WTS steers toward an international audience

‘Transportation You’ leads young women to the transportation industry

By Glenn Swain

Marcia Ferranto

Last November Marcia Ferranto, executive director of the Women’s Transportation Seminar International (WTS), saw more of the Sheraton Waikiki Hotel conference halls than the beautiful scenery outside her door. Ferranto was in Hawaii for the APEC CEO Summit. The Asian Pacific business event drew thousands of economic and business leaders from around the world, including President Obama and Secretary of State Hillary Rodham Clinton. Ferranto met with representatives of APEC economies interested in assembling a networking system in their countries to advance women in transportation. Ferranto brings more than 20 years experience to her position of advocating educational and career development for women. She previously held posts with the Delaware Art Museum as acting director, chief financial officer and director of finance and human resources.

“What’s interesting is that WTS is not currently pursuing a strategic international plan, says Ferranto. “We are being driven by the countries.”

Founded in 1977, Washington, D.C.-based WTS is an international organization dedicated to the professional advancement of women in transportation. Claiming more than 5,000 members — both men and women — WTS is helping women find opportunities and recognition in the transportation industry through its five focuses: access, networking, education, mentoring and professional development.

While Ferranto and her organization have international foresight, she says the bigger challenge lies on domestic soil. In a traditionally male-dominated industry, Ferranto says the biggest hurdle is simply the low numbers of women in the transportation industry itself.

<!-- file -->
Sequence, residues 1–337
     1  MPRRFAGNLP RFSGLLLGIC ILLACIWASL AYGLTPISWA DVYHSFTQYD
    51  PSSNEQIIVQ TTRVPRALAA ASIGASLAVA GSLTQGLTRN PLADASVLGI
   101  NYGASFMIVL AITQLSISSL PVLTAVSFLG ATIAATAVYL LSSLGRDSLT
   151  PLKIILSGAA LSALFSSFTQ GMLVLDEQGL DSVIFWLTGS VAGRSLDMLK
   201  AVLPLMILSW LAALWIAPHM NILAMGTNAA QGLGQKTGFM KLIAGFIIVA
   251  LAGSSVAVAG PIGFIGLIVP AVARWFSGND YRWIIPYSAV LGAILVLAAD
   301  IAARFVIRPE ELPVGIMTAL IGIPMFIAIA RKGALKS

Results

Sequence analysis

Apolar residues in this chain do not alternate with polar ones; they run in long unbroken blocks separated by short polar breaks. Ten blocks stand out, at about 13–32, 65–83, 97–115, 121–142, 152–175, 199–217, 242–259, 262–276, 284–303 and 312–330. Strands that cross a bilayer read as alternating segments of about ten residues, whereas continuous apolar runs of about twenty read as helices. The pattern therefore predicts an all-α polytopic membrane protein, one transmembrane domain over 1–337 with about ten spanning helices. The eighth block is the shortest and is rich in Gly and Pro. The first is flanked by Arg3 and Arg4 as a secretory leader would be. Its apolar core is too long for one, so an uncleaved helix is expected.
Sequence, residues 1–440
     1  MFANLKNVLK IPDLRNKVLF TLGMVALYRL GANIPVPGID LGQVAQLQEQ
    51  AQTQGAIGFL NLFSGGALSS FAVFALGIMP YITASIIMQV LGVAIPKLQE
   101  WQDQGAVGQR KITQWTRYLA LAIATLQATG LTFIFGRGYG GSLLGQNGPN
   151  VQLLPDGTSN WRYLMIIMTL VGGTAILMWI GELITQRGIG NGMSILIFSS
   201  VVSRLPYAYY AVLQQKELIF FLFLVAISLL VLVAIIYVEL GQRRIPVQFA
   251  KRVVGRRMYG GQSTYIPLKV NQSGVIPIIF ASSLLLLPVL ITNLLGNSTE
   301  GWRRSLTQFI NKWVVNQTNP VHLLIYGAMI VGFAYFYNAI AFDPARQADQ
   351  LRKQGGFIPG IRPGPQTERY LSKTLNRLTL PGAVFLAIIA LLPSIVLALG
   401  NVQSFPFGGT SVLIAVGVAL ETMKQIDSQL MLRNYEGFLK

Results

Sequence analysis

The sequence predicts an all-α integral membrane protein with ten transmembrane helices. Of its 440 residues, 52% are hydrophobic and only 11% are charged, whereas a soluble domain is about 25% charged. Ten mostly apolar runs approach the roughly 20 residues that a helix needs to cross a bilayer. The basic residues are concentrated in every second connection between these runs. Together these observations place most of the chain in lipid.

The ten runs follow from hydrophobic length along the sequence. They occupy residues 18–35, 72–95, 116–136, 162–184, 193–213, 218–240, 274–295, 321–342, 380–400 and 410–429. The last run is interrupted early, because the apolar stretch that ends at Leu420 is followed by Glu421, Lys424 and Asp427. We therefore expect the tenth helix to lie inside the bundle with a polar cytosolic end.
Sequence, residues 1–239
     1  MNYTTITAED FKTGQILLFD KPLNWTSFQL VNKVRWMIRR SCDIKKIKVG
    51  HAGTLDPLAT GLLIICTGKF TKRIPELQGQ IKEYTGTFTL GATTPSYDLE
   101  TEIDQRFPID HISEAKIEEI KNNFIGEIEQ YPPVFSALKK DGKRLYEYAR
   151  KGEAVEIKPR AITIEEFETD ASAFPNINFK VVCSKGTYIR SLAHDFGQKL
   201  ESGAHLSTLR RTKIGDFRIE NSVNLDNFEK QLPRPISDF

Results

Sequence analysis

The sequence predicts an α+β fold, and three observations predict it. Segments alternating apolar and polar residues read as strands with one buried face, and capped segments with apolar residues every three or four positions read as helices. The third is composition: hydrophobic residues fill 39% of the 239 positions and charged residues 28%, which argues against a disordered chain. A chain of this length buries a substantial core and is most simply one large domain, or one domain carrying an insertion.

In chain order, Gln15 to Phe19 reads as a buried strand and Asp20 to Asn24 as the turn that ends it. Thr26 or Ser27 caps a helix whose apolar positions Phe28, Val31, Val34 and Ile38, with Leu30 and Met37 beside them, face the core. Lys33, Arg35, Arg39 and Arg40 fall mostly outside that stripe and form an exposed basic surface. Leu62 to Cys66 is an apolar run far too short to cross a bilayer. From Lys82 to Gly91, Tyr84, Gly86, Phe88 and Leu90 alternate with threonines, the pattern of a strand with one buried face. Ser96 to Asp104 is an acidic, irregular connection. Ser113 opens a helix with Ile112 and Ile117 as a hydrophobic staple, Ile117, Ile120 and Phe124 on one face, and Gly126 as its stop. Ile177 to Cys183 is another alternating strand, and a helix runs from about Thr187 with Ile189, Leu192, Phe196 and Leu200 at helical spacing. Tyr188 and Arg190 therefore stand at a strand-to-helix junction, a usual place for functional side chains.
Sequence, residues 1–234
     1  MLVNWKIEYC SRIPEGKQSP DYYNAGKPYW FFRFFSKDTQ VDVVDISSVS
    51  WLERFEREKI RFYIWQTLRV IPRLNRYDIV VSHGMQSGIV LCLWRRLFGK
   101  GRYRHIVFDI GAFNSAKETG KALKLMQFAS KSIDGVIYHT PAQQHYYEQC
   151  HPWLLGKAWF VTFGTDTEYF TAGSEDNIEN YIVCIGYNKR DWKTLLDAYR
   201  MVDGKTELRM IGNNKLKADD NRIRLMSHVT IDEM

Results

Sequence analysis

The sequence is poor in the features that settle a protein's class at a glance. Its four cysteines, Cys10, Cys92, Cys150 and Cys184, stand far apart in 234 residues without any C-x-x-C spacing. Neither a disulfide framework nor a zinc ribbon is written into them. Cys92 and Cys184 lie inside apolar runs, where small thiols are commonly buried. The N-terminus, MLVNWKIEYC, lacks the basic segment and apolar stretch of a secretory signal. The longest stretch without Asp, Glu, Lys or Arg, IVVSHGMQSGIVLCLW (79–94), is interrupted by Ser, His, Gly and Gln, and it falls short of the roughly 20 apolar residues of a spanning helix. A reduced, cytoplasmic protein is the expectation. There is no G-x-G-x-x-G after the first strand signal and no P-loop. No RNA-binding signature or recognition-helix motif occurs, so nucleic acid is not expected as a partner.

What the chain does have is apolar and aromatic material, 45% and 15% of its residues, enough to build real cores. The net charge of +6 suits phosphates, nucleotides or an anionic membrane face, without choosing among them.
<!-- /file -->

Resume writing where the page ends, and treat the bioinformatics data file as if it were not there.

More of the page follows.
“The challenge for women is still to make it into senior management positions,” she says. “It’s not because companies are saying we’re not hiring women; it’s because the women are not out there to be hired. They’re either leaving the industry before they get to senior level management or there are 100 men to every woman for a senior management job.”

It would be easy for Ferranto to complain of discrimination, but she doesn’t. Instead, she sees WTS as both educating companies to the needs of advancing women and trying to convince women to not only enter the transportation industry but to stay there.

And while not having hard statistics, Ferranto says she hears from other women of pay inequity compared to male counterparts. She stresses that the focus is more on women being under-represented in the industry and not the level of salary.

“WTS is not representing women being discriminated against,” Ferranto says. “We try to give them access to the highest-ranking people in the industry so they can network and build connections. We want to inspire women to further their career in transportation.”

Ferranto says the transportation industry has not become women-friendly, believing that it has not adequately addressed the balance between the needs of women in their work and personal lives. She says women in the field tell her the vast majority of industry activities they attend are really geared toward men and not conducive to a gender-balanced workforce. Bonding golf outings are more popular than, say, going to the theater. Many women simply live with the ugly reality that they need to adapt to the male environment.

Ferranto and the 48 WTS chapters are working on a remedy she believes will bring more women into the industry. In partnership with the Department of Transportation, WTS recently launched a program called “Transportation You,” which targets young women between the ages of 13 and 18. As a mentoring model the program introduces transportation to women who may not recognize it is a viable career choice. WTS chapters are working locally with the Girl Scouts, high school counselors and others to stress what Ferranto calls STEM, an acronym for how science, technology, engineering and math fit into the transportation industry.

“We’re building awareness one state at a time through our scholarship program,” Ferranto says. “We have already given out more than $1 million in scholarships, and the program is growing.”

In 2011 WTS gave out about $158,000 in scholarships throughout the U.S.

“We are hoping to add another $25,000 to that this year,” she says. “Our ultimate goal is to raise that number closer to the $300,000 annual mark.”

Ferranto sees the WTS expanding internationally over the next five years, allowing women from all walks of life to find satisfying careers in transportation.

“We’re already in London, and we’re currently working with a group in the Middle East, India and Brazil,” she says. “I suspect we will be in China and Japan, too.”  BR